As we jointed the edge to be glued, we would periodically hold the pieces against a window to look for light leakage at the joint, then keep going till it was perfect.

What you see here is Frank's current preference for joining the edges. Titebond is the glue used for most of the project. That's a 10# weight on the top

Prior to bending the sides we pre-shaped the edge which will support the back using the router table and a jig that has the shape. The bit has a shaft-mounted bearing to follow the template of the jib base.

To shape the sides we used a combination of the bending iron to first get a rough shape at the waist and a start of the upper and lower bouts. The final shaping is done with a Fox-style bending machine with 150 W incandescent bulbs for the heat source. Frank's bender has the lower slat (heavier than usual) permanently attached to the pattern, eliminating the usual cross-tubes which align the sides.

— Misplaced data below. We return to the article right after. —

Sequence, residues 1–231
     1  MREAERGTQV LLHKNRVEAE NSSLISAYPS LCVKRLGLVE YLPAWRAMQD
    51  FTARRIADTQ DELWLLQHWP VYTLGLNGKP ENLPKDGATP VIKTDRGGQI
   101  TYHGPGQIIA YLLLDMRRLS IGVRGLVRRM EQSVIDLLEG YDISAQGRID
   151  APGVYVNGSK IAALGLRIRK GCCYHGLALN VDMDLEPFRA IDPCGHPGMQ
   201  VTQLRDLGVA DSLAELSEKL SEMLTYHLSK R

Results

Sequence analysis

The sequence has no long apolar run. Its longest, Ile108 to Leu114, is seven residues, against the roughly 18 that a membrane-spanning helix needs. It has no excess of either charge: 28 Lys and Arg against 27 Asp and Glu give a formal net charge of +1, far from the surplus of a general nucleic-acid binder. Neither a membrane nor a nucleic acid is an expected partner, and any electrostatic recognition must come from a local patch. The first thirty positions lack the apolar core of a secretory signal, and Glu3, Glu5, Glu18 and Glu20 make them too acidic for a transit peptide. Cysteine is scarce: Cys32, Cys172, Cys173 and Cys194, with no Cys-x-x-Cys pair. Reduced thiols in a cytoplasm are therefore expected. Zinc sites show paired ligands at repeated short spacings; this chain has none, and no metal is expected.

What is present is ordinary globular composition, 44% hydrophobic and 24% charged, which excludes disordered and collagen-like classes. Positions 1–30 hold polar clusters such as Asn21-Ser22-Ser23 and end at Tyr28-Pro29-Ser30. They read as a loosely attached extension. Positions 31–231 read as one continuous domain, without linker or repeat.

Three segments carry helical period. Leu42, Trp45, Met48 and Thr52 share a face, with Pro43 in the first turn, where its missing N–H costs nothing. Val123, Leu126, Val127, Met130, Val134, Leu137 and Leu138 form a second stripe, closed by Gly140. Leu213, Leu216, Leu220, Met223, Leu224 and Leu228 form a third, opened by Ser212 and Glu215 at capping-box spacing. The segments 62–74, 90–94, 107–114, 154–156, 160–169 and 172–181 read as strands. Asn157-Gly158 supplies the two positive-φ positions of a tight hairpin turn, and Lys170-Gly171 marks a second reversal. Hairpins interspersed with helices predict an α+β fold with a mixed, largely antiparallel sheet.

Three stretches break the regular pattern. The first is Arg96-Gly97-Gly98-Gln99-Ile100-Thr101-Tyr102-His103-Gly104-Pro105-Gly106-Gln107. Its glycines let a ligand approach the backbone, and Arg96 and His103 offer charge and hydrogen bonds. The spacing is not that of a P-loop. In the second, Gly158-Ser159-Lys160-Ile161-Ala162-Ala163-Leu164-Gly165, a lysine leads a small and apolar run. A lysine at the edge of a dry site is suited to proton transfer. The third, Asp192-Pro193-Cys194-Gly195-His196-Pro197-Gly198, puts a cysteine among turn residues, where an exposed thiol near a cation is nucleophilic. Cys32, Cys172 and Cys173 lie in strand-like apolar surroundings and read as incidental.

Here I'm getting a little practice on some scrap wood to see what it feels like. This exercise raised my admiration level of those who use this method exclusively!

Frank demo'ing the real thing. The walnut proved to be easier to bend than material I've since used (mahogany & maple).

While the sides were cooking in the bending machine, we laid out the brace patterns on the rough cut back...
... using the template that Frank provided. This is a fairly stiff though flexible plastic material that was originally intended for industrial shelf liner. Probably .030" gray/white laminated material. I have no idea where to find it, bit it was a great stuff.